Alcohol Enemy Of Life

While digitizing Volume 8 of my 1926 Book of Knowledge Encyclopedias, I came across this very interesting article below titled “Alcohol, the Enemy of Life”.

The article gives us an interesting perspective on how society viewed alcohol during the Prohibition and the Temperance Movement.

If you collect a lot of vintage ephemera as I do, you’ll no doubt see a lot of articles, advertisements and even whole books and pamphlets dedicated to warning people about how dangerous alcohol can be.

The temperance movement fell out of favor eventually, especially when Prohibition ended in 1933, but finding these kinds of works gives us an exceptionally interesting view into American culture and history surrounding alcohol.

Of course, beyond just the historical aspects, ephemera related to the temperance movement has personal significance to me.

I’ll have to do some more digging into the different things mentioned in this article – and of course it’s very likely some of the information here may be outdated, inaccurate, incomplete – but I think they still make a solid case for why sobriety is a good thing.

Alcohol, Enemy Of Life

Alcohol Enemy Of Life
The terrible curse of drink–-Robert Martineau’s picture The Last Days in the Old Home.

This article was first published in The 1926 Book of Knowledge Children’s Encyclopedia, Volume 8.

The terrible curse of drink–-Robert Martineau’s picture The Last Days in the Old Home
ALCOHOL, the product of the fermentation of sugar by the yeast plant, forms part of the daily diet of many people and is consumed in enormous quantities.

In various parts of the world, large areas of land are devoted to crops that yield a quantity of sugar, or of starch that can be readily turned into sugar, for the production of alcohol for drinking.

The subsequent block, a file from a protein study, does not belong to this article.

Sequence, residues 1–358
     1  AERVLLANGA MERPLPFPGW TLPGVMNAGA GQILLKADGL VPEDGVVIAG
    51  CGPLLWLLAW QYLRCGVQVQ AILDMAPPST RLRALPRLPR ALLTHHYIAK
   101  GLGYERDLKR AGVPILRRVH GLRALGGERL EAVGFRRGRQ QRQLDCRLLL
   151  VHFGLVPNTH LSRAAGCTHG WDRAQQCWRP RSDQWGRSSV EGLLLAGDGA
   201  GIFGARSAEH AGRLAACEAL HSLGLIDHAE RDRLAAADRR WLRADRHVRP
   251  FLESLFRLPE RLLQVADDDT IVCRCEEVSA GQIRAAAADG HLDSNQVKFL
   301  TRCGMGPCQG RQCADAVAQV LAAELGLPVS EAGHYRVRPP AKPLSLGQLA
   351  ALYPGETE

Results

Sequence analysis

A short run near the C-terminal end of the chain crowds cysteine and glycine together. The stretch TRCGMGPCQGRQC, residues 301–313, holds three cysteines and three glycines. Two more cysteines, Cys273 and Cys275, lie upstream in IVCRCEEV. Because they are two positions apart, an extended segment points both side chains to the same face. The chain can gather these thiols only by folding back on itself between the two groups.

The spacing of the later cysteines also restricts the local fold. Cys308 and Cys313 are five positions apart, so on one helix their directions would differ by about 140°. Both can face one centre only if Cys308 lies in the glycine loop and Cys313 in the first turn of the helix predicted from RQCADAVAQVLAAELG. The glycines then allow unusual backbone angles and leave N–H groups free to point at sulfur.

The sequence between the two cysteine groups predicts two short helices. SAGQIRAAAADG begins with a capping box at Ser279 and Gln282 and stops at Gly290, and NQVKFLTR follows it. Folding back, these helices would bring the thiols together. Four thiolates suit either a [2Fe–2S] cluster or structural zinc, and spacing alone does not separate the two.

In this country, immense sums of money are still spent every year on alcoholic drinks. And this is not spent in building up the bodies of men and women and growing children. It is worse than lost, for the effect of alcohol upon the nation, and especially upon the youth of the nation, is such that if the money were thrown into the sea every year the country would be a thousand times better off.

As it is, men buy with it poverty, and crime, and cruelty to children, disease, insanity and death, all of them in rich abundance. Wealth is either life, or what serves life; illth is what injures life. And men take our essential elements of wealth – the land, the sunshine, the water, the air, and good useful foodstuffs – and turn them into these dreadful things.

But all this we shall study later. Meanwhile, remember that what is spent on drink would buy many battleships every year to defend our coasts.

It is true of every living creature, without exception, that poisons are more injurious to it when it is young than when it is grown up, because when it is growing it is developing.

There is a great difference between growth and the miracle of development, and development may be stopped while growth goes on. Alcohol will do this, for alcohol is a poison, and there is no form of life that it cannot destroy if it is used in sufficient quantities.

Not even tuberculosis, one of the most deadly of diseases, causes so many deaths as alcohol. Tuberculosis is what is called “catching,” for it is due to microbes which spread from one person to another. It used to be thought that children did not suffer from it, but now we know they do. There is in this country a terrible amount of tuberculosis among little children.

Fortunately, however, we do not always catch diseases, even when their microbes enter our bodies. The microbes are the seed, but our bodies are the soil, and the seed cannot grow if the soil is unsuitable.